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That was the term the CEO of Anheuser-Busch’s parent company used to explain the hangover from Bud Light’s partnership with transgender influencer Dylan Mulvaney.

AB InBev CEO Michel Doukeris told the Financial Times that Bud Light sales have dropped and the brand’s public image ruined because of “misinformation and confusion” about a can of Bud Light emblazoned with Ms. Mulvaney’s face.

“We never intended to make it for general production and sale for the public,” he said of the Bud Light can.

“People often talk about this topic in social media like noise,” he told the Times. “You have one fact, and every person puts an opinion behind the fact. And then the opinions start to be replicated fast on each and every comment. By the time that 10 or 20 people put a comment out there, the reality is no longer what the fact is, but is more what the comments were.”

Mr. Doukeris used the same “misinformation” claim in an earnings call last week with investors.

“We need to clarify the facts that this was one can, one influencer, one post and not a campaign,” he said.

Ms. Mulvaney is a biological male who identifies as female and who in March marked 365 days “of being a girl” to the cheers of many of corporate America’s biggest brands, including Bud Light.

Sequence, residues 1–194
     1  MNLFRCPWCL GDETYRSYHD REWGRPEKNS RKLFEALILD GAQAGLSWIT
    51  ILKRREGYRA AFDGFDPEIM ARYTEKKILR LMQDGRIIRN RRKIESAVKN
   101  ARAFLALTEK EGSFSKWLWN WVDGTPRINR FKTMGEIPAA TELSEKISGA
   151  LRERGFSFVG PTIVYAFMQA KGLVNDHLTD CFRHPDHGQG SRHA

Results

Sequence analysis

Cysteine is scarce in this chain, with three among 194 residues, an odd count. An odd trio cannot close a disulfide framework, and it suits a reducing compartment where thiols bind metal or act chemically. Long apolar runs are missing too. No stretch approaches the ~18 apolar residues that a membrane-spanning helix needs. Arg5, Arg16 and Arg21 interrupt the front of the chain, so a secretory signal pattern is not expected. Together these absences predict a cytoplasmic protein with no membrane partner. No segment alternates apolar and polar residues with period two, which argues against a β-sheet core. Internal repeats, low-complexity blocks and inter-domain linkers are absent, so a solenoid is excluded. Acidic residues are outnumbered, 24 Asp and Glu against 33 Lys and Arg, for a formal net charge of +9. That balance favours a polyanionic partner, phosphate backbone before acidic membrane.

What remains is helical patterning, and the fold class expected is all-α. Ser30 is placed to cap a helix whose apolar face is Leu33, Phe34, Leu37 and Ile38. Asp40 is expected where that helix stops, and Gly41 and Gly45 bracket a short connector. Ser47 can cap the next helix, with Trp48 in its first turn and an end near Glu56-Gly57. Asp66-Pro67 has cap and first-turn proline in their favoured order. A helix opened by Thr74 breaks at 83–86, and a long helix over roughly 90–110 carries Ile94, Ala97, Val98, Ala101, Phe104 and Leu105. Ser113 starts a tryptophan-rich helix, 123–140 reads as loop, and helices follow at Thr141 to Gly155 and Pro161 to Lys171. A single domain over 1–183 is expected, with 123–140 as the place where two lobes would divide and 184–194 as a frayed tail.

Bud Light sent Ms. Mulvaney a custom beer can featuring the face of the TikTok star who also made several videos promoting Bud Light.
The company also initially stood by the Mulvaney campaign as the social-media backlash was just starting to swell.

“Anheuser-Busch works with hundreds of influencers across our brands as one of many ways to authentically connect with audiences across various demographics and passion points,” a company spokesperson told Fox News.

It also defended sending the can as a celebration of Ms. Mulvaney’s gender transition.

“This commemorative can was a gift to celebrate a personal milestone,” the company added.

Anheuser-Busch has since lost $6 billion in stock-market value and become the target of boycotts and demonstrative attacks that have reduced Bud Light sales by about a quarter.

Multiple marketing executives have since taken a leave of absence, one of whom doing so after a video surfaced of her saying the brand’s survival required reaching out to social-media influencers and ending its “fratty” image.

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